Randomized Controlled Trial Aversion among Public Sector Leadership: A Survey Experiment

Emily Cardon, Leonard Lopoo

Research output: Contribution to journalArticlepeer-review


Background: While randomized controlled trials (RCTs) are typically considered the gold standard of program evaluation, they are infrequently chosen by public sector leaders, defined as government and nonprofit decision-makers, when an impact evaluation is required. Objectives: This study provides descriptive evidence on RCT aversion among public sector leaders and attempts to understand what factors affect their likelihood of choosing RCTs for impact evaluations. Research Design: The authors ask if public sector leaders follow similar preference patterns found among non-public sector leaders when choosing either an RCT or a quasi-experimental design and use a survey experiment to determine which factors affect the RCT choice. Subjects: The study sample includes 2050 public sector leaders and a comparison group of 2060 respondents who do not lead public sector organizations. Measures: The primary outcome measure is selecting an RCT as the preferred evaluation option. Results: When asked to make a decision about an impact evaluation, the majority of people do not choose an RCT. While also averse to RCTs, public sector leaders are about 13% more likely to prefer a RCT to a quasi-experimental evaluation compared to the general population. Public sector leaders are less likely to use RCTs for evaluations of more intense interventions, potentially because they are perceived to be superior to the options available for the control group. Conclusion: Funders should be aware that when given a choice, public sector leaders prefer other options to RCTs. Greater awareness of the benefits of RCTs could increase their use in the public sector.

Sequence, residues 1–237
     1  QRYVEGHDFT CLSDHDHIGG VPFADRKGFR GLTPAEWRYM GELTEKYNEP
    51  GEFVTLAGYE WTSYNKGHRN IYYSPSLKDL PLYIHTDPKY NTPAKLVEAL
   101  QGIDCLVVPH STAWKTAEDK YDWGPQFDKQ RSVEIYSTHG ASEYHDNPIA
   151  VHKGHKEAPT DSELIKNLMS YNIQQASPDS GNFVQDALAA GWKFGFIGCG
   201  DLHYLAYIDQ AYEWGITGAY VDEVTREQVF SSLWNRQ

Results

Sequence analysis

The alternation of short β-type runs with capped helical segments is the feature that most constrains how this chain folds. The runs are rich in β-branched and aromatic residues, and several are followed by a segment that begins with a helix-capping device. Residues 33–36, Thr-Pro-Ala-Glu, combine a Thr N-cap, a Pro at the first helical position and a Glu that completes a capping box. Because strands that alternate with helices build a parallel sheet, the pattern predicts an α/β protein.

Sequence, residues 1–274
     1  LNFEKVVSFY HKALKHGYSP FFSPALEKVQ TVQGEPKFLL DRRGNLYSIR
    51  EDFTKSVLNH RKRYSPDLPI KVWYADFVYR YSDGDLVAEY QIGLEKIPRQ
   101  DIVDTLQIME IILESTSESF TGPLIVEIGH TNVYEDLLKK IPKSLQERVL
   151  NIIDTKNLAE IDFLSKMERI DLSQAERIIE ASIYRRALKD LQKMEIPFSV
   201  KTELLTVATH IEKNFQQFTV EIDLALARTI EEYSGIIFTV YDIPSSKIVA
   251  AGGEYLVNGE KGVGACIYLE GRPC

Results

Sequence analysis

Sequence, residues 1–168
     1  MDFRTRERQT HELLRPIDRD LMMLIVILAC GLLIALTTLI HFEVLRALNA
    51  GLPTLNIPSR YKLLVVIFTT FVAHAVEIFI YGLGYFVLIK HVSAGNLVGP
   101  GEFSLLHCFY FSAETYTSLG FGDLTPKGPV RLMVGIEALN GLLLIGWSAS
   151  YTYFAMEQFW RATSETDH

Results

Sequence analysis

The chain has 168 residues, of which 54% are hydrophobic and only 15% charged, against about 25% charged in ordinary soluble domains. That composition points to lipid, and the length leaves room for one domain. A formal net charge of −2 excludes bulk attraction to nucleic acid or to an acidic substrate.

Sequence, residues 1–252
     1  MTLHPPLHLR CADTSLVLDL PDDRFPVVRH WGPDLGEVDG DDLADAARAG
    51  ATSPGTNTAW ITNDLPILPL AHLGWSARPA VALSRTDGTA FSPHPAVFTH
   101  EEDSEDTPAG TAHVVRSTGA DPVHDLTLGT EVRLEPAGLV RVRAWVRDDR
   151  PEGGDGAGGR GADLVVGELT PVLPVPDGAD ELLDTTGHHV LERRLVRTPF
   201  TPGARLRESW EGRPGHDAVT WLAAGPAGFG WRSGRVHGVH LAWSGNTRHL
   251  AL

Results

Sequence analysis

Original languageEnglish (US)
JournalEvaluation Review
StateAccepted/In press - 2023


  • public sector evaluation
  • randomized controlled trials
  • survey experiment

ASJC Scopus subject areas

  • Arts and Humanities (miscellaneous)
  • General Social Sciences


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